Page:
Parent Question: What are some of the most common college credit classes high schoolers take? And why?

This is a great question for everyone who is thinking about bringing in college credit soon. Contrary to popular opinion, which is to “check future colleges…..” my advice is to plan those first college credit classes in subjects and at times where you’re one-hundred-percent sure it to achieve success. I think you can break this down into 3 distinct phases…

This is such a BIG question for such a short reply, but I don’t want to overwhelm you! I think about college credit all day every day, and I watch families have successes and failures. I want to set you up for success, so with that, I think you can break down your college credit decisions into 3 distinct phases.

Phase 1: Learning the Ropes

The first few college credits should fit perfectly into YOUR homeschool with complete and total disregard for “future college plans” because it’s too early for that. When you’re learning the ropes (yes, I mean YOU, not your teen) it’s hard to know what you don’t know, and it’s harder to predict what will be the best fit for your teen. Will she enjoy the structure or thrive on independent learning? Does feedback drive her to achievement, or send her into a panic? Does she have a passion for something but never studied it formally? There are a million variables, so the first few credits need to be wide open in any area that interests her, that fits into your schedule and budget, and doesn’t bind her to a degree or college. Don’t look for classes others are taking, look only at something your daughter wants to take and do that.

Phase 2: Traction

Somewhere around 12-15 college credits you’ll gain traction and begin to feel like you’re understanding the process, have an idea where to find resources, are watching your teen’s success (and challenges) and can begin to think about future planning. THIS is the phase where choosing classes starts to matter. It’s not possible for me to choose those classes without knowing her more personally, but I think the most popular or common courses in this phase will match a standard high school plan and also match a college’s general education courses. This is a loose application of advice, but courses like English, Speech, History, Algebra, Computers, Business, Art, Religion, and Science are all excellent choices for someone planning a 2 or 4 year degree.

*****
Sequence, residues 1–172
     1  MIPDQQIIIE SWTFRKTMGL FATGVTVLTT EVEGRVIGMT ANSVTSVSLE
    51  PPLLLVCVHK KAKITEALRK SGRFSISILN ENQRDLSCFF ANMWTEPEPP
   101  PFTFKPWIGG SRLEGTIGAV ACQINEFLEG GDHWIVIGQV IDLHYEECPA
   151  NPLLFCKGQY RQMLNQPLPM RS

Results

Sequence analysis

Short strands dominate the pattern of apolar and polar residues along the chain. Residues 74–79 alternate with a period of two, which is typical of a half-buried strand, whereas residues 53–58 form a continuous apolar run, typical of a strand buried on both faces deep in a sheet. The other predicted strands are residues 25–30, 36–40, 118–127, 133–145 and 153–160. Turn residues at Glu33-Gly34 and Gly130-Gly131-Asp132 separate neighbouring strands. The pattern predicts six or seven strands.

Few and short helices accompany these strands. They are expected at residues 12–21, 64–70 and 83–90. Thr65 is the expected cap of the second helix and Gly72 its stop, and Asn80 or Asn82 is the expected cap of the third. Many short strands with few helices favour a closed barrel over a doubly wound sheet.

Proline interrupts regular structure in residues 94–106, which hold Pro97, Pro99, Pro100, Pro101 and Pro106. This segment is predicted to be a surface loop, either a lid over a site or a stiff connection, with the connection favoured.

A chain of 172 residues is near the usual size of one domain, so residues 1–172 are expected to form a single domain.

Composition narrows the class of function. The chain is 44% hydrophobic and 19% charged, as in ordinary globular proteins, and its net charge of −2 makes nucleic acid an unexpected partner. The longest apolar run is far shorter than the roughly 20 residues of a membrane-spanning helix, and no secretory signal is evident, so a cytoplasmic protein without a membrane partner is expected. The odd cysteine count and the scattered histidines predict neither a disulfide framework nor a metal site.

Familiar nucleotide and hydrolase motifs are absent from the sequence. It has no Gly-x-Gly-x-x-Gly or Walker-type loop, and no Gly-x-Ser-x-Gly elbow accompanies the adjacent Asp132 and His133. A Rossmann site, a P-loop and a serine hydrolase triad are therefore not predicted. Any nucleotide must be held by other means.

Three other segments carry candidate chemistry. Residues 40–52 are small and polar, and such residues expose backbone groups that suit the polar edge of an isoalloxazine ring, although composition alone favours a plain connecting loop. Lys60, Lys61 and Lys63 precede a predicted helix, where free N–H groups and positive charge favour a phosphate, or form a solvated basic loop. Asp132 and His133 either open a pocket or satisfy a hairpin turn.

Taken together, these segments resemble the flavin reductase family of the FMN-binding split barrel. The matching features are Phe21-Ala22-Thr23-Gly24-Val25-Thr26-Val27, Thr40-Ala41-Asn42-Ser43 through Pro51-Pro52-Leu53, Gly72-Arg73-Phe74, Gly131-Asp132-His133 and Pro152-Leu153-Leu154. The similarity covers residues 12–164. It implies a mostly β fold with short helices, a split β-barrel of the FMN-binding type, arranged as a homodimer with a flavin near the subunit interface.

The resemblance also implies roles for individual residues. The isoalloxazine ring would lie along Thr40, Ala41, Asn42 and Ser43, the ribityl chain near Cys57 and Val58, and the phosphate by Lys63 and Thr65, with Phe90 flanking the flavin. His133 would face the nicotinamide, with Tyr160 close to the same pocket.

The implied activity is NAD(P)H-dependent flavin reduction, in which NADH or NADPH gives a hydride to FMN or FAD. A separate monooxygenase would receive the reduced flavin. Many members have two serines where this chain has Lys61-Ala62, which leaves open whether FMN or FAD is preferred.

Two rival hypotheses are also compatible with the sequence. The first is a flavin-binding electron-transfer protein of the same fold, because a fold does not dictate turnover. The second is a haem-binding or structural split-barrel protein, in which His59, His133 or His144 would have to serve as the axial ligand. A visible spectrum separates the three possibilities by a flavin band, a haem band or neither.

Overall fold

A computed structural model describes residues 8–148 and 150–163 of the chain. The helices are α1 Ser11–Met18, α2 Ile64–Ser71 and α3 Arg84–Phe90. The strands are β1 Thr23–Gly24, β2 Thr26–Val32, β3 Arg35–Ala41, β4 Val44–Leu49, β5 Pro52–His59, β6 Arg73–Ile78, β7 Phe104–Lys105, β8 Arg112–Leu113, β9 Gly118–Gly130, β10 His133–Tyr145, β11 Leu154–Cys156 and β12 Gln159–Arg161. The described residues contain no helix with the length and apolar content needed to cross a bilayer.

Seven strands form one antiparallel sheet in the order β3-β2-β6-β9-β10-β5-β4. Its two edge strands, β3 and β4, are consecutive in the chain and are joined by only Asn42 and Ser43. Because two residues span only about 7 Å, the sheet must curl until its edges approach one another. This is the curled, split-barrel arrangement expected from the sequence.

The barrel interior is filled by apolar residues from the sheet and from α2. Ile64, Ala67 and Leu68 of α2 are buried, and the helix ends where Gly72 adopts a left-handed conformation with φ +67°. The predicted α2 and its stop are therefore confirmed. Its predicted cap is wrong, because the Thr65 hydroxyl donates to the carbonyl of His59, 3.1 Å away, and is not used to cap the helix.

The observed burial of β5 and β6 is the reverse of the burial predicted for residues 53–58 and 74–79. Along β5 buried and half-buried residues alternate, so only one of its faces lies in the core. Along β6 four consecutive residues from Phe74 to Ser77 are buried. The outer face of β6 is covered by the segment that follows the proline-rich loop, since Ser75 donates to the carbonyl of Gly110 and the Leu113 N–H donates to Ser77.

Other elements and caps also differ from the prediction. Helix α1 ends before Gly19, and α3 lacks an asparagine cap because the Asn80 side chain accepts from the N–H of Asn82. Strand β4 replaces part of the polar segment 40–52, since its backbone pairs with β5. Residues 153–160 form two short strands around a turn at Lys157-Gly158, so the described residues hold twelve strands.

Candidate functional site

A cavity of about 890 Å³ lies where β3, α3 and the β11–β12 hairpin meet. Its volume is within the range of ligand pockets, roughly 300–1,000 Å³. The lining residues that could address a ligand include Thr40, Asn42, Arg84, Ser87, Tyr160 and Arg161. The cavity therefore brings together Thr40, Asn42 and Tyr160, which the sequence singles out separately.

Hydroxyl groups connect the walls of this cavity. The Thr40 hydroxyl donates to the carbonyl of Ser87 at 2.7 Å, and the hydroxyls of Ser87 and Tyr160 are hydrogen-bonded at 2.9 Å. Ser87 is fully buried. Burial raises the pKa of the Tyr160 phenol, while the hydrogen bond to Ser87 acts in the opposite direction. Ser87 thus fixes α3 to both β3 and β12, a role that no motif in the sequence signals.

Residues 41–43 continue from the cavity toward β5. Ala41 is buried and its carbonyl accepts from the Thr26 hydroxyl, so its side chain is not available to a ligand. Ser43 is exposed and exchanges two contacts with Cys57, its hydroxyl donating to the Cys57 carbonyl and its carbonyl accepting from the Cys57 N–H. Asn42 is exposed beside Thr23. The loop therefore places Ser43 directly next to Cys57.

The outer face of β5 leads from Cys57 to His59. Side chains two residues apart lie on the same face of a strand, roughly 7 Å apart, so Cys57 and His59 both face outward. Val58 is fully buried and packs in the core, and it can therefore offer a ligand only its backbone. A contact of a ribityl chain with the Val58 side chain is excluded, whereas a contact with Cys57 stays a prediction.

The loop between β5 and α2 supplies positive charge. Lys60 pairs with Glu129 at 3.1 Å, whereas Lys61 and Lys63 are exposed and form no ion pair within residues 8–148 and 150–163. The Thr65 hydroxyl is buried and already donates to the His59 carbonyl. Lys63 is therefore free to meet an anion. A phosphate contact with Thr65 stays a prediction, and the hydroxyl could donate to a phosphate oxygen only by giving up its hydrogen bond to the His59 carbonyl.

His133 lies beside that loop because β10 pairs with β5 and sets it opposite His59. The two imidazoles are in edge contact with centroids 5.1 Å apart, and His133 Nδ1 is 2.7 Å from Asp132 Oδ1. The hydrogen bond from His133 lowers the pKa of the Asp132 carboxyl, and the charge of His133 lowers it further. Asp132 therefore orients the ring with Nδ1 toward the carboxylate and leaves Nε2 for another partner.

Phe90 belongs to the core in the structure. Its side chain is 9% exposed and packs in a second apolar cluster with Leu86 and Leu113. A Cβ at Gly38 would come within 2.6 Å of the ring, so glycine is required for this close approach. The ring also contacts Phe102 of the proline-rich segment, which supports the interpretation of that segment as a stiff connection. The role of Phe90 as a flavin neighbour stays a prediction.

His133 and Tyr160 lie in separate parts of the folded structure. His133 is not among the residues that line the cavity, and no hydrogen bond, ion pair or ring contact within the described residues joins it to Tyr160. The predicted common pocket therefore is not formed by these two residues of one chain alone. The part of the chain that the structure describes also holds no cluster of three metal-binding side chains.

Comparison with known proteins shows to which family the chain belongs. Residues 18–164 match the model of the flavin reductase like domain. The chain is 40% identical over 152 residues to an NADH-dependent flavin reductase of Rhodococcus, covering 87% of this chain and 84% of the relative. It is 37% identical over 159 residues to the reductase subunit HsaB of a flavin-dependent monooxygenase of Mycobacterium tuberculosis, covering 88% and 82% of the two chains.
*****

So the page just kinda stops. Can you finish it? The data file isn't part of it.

Phase 3: Hitting Targets

At this point, “keeping options open” becomes competing advise with “hitting targets.” Please do not rush into this phase without a fully engaged teen. You and your teen need to establish a target together. I think it’s a great privilege to have that opportunity, and parents make the best guidance counselors! Together, you’ll identify a target(s) and start taking courses in the subjects that hit those targets. The target may be a specific college, a specific major, a certification or license, an apprenticeship, military, etc. The exact target is going to be unique, so the “recipe” you build for her at that time will depend greatly on the target you’re going to aim for! In this phase, there is no wasted steps. You’ll look for specific courses that meet specific requirements and accumulate those intentionally. This is the phase where parents do “degree planning” or mapping for a specific credential. This phase can happen in 10th grade like it did for my youngest son, or in their late 20’s like it did for my oldest son!

Author:

Executive Director of Homeschooling for College Credit

One thought on “Parent Question: What are some of the most common college credit classes high schoolers take? And why?

  1. I was glad to read your first phase. It’s what we did and it’s worked beautifully so far. We allowed our son to take all the computer classes he wanted to take (while keeping an eye on a 2 year degree) and saved the classes he has less interest in (English, History, Social Science) for later. He is finishing his 7th class with a 4.0, confidence, and hopefully the maturity to tackle subjects that have less intrinsic reward.

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